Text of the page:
Editorial: Tragedy in Kohat
Kohat was struck with tragedy on Saturday as two suicide bombers attacked an IDP camp as a group of internally displaced persons (IDP) were waiting to get themselves registered and receive aid handouts. More than 40 people were killed, including a journalist, and dozens more injured. After the first suicide attack, a large crowd gathered at the site of the blast and within minutes the second blast took place. The bombers were clad in burqas. At least 210,000 people have been displaced from the tribal districts of Orakzai and Kurram. Most of them have registered in Kohat and Hangu. The Lashkar-e-Jhangvi’s Al-Aalmi group, an offshoot of the Lashkar-e-Jhangvi has reportedly claimed responsibility for the bombings. Being a sectarian organisation, Al-Aalmi has cited the presence of Shias at the IDP camp as the reason for the attack. After the sectarian attack in Quetta on Friday and a day after in Kohat, it seems as if the Lashkar-e-Jhangvi and its offshoots are hell bent on spreading sectarian terror all over the country. Why the government has not taken any action against these sectarian outfits is beyond comprehension. Pakistan already has a lot on its hands what with the Taliban and other terrorist outfits. The resurgence of sectarian terrorism, which flourished under the Zia regime, is something to worry about. The failure to quell sectarianism is a failure of political will.
The government has to take strict measures against terror groups to save the country from going up in flames. The government’s inconsistency in cracking down on militant outfits, especially the banned organisations, shows that there is a lack of requisite political will in curbing extremism. The extremists’ hate literature and cassettes are easily available across the country and obviously violate the law of the land, but seldom invite sanctions. The government has to reconsider its policy and stop treating these militant outfits with kid gloves, and launch a heavy crackdown born of a well thought out strategy. The ease with which the terrorists have recently operated exposes the inefficiency of the security agencies. Now that such attacks have targeted not only the security forces and government officials but citizens as well in the length and breadth of the country, this has certainly thrown up a bigger challenge to the security agencies. No doubt ensuring complete security against suicide attacks is difficult because of the nature of these attacks and the level of determination of a suicide bomber, but pre-emptive measures have to be taken.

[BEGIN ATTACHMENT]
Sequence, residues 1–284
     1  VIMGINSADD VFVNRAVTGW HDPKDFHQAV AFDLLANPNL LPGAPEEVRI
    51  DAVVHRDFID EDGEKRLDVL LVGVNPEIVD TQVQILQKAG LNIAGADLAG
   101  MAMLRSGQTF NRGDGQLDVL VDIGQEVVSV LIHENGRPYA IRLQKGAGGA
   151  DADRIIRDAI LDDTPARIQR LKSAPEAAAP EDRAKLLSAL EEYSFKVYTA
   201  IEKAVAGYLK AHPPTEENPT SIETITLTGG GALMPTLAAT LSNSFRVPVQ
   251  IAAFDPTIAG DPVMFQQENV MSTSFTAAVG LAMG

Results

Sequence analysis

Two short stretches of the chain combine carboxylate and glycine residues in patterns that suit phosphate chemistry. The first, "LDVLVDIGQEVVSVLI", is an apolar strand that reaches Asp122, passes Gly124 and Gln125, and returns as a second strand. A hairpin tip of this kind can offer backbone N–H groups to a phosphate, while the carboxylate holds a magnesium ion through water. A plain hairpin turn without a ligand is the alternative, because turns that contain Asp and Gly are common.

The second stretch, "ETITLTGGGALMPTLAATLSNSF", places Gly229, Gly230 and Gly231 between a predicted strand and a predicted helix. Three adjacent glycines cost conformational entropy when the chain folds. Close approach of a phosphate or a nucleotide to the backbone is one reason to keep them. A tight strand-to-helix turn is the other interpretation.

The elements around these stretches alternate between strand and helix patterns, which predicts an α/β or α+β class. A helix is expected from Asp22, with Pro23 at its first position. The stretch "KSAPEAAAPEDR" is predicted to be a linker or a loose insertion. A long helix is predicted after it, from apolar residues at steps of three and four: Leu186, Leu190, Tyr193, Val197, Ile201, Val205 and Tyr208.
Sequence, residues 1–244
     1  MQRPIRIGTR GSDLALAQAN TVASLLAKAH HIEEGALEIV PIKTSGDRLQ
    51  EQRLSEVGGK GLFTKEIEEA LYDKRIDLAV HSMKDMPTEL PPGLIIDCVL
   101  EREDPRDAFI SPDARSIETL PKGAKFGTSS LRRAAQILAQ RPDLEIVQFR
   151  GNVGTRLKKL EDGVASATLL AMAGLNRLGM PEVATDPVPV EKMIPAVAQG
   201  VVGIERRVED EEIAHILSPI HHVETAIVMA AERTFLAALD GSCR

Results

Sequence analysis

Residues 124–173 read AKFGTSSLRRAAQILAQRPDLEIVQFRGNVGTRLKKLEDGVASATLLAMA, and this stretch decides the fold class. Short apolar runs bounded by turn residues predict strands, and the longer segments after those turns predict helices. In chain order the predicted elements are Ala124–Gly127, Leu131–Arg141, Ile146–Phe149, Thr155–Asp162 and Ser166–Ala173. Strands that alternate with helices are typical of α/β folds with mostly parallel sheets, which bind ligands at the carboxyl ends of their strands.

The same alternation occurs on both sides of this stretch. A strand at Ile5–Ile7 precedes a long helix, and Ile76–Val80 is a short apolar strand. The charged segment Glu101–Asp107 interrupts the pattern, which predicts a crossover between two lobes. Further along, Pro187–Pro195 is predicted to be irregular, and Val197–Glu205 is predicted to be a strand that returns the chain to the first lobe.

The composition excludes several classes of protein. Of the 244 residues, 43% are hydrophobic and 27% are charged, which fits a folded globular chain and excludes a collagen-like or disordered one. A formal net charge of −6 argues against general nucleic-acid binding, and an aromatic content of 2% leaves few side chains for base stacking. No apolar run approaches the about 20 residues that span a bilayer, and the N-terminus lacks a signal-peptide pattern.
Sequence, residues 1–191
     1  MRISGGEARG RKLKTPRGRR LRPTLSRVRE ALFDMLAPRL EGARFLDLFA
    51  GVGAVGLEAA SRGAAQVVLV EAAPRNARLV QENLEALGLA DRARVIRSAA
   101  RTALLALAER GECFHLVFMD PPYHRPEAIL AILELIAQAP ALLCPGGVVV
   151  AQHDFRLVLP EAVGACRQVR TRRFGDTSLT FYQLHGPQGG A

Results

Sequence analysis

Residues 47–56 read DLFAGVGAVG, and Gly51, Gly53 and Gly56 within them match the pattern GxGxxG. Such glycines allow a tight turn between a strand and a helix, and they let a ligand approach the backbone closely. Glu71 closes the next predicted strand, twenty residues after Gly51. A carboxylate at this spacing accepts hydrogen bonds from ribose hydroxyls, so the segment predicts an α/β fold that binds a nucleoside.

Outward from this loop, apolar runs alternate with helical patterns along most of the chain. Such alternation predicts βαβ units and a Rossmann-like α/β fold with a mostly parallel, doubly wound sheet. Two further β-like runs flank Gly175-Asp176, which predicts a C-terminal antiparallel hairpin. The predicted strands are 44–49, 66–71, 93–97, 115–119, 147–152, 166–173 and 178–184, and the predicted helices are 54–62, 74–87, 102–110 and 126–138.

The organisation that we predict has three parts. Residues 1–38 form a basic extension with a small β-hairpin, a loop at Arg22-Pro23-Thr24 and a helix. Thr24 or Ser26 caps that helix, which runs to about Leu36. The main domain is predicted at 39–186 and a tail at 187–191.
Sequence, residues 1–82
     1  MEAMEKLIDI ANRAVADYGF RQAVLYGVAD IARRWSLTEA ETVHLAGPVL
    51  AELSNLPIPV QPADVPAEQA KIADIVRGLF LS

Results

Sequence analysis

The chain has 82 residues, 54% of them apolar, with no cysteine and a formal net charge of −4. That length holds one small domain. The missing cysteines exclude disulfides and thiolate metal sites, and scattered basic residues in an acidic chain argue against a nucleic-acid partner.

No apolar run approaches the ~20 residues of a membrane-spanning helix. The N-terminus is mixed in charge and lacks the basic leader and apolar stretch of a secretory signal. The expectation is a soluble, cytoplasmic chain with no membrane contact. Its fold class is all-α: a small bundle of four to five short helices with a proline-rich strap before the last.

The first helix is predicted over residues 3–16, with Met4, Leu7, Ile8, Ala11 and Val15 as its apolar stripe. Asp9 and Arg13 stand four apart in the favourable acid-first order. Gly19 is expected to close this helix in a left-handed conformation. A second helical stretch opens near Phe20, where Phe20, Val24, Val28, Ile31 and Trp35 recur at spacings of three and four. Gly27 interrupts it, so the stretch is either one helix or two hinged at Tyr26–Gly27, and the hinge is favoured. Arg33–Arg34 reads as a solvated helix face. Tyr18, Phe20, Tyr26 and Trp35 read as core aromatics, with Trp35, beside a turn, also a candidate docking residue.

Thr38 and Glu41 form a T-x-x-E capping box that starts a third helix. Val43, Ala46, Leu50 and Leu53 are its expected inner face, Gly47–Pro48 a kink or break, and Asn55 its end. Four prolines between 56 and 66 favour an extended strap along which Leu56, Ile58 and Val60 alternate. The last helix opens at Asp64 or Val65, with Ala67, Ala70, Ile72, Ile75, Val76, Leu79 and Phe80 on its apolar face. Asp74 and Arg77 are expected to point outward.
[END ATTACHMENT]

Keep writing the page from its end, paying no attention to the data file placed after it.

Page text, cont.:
Recent terrorist attacks have shown that large gatherings are at risk and present an easy target. To attack an IDP camp is atrocious but to expect any kind of sensitivity from the terrorists is unthinkable. They are out to create panic and kill whosoever they can. Precautionary measures have to be taken by the public as well. When one blast occurs, instead of rushing to the site of the blast, the public must wait for some time before going there as there is a great danger of another blast to inflict more damage. The media has to exercise caution as well. Journalists reporting in conflict areas should be trained properly and should report from a distance when an attack takes place. Media organisations should provide life insurance for their employees who are working in sensitive areas. Having said that, the security agencies and the government must take stringent measures against all militant outfits. It is time to act. *